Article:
AD: Pinander is an outsider at the university because of his economic status. He’s had to work harder than anyone else to be there. He sees things differently from the other students. I tried to illustrate this with the Titan-analog atmosphere and sky, which most students ignore, trusting in the shield holding it at bay, while Pinander can’t stop looking up at it and obsessing on it. The rich students’ party and the ansible calls home also provided opportunities to show Pinander’s fundamentally different perspective. Overall, I think it comes down to his pragmatism. I tried to set that up as a quirk or even character flaw, knowing he would find some sort of idealism in the end, but it turned out his pragmatism was essential to getting there. Does this make any sense? To be honest, Pin took on a life of his own as I wrote, and he sort of went where he went. Maybe it’s easier for a poor scholar-shipper to understand a rich student’s POV than the other way around, making Pin uniquely primed for the dual perspective of Weald/Sinecure.
RN: That does make sense to me – his status as an outsider, and economic status being the cause for that outsider’s awareness, work well in the story. Speaking of that: One of the themes you return to again and again in this story is that of class difference. Here’s a great passage dedicated to that concern:
“The revelers sway drunkenly, heads hanging, amid rolling stormfronts of smart vapor. Here in the compounds this is possible, where obscene wealth keeps campus law at bay. Compared to these students, dorm denizens, still fabulously wealthy by empire standards, might as well be paupers.
Pinander wonders what that makes him.
Wandering through ornate gardens in his black student robe, he draws looks from fashionably and scantily clad partygoers. There is commotion ahead, a crowd psychedelically blurred by smart vapor. He gives it wide berth—a fight, from what he can hear. Someone stole someone’s meds. This contributes to Pinander’s sense of being an alien here. It is usually the most privileged students who engage in theft, violence, and drugs. He remembers Philo lobbing a cannister of vandalism nano at the façade of the Crypt. Pinander couldn’t fathom this. Philo’s clan paid a fortune to send him here, and he was an adult choosing to stay.”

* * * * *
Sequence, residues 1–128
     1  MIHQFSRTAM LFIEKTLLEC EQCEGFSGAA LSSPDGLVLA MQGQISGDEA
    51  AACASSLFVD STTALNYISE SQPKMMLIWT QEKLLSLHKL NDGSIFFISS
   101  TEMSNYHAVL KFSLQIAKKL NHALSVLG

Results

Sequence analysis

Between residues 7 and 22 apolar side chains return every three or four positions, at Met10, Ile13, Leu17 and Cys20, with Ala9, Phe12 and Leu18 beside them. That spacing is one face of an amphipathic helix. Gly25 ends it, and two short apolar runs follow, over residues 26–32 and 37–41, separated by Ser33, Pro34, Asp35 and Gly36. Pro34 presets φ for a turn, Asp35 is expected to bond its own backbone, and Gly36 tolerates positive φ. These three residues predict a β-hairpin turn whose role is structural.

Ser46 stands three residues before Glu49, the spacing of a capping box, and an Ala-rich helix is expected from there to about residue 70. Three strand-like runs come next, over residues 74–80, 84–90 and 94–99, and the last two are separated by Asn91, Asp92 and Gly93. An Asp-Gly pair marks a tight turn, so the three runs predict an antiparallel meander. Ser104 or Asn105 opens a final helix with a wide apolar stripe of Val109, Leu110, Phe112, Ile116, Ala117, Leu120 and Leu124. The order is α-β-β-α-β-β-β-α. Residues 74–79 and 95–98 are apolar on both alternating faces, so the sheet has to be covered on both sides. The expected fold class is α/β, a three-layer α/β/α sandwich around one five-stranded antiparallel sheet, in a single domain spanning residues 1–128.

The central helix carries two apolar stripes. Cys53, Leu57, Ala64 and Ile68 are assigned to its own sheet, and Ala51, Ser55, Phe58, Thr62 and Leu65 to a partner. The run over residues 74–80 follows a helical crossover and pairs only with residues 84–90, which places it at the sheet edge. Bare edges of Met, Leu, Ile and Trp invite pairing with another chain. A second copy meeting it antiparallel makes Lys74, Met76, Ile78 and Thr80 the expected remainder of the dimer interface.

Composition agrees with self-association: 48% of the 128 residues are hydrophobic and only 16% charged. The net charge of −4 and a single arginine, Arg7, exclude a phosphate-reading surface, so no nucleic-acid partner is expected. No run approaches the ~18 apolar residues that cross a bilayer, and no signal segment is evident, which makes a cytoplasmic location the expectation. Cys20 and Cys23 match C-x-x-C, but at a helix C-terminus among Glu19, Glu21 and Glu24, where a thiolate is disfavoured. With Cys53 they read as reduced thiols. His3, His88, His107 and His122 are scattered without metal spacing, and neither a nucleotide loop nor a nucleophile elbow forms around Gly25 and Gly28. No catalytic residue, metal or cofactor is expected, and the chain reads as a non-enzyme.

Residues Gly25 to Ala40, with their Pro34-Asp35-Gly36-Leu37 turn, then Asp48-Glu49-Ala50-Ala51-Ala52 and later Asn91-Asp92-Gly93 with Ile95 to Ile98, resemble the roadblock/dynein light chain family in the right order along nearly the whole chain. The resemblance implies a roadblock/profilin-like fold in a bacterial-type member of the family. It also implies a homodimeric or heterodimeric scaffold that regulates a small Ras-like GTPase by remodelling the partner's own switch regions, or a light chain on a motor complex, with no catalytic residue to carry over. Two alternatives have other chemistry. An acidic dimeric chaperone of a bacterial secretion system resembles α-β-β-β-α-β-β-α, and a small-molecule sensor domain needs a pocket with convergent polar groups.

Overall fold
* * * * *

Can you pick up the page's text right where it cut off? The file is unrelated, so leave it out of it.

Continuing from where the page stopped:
It's a powerfully relatable passage for me, so precisely paralleling the “real world” experience of class difference and privilege that it brought me back immediately to my UCSC undergraduate days, when I (along with many others) was working full time while taking a full load of classes, and watching, with resentment, students fully supported by their wealthy families – kids who only had to study, not support themselves as well, screw around and waste the opportunities they had been given.
This story is suffused with the resentments of class consciousness, and the limitations Pinander finds himself under, as a “working class” student among the rich. In a follow-up I want to address the potentials that also provides, but for the time being, I’d like to know why you chose this theme. Can you speak a bit about that?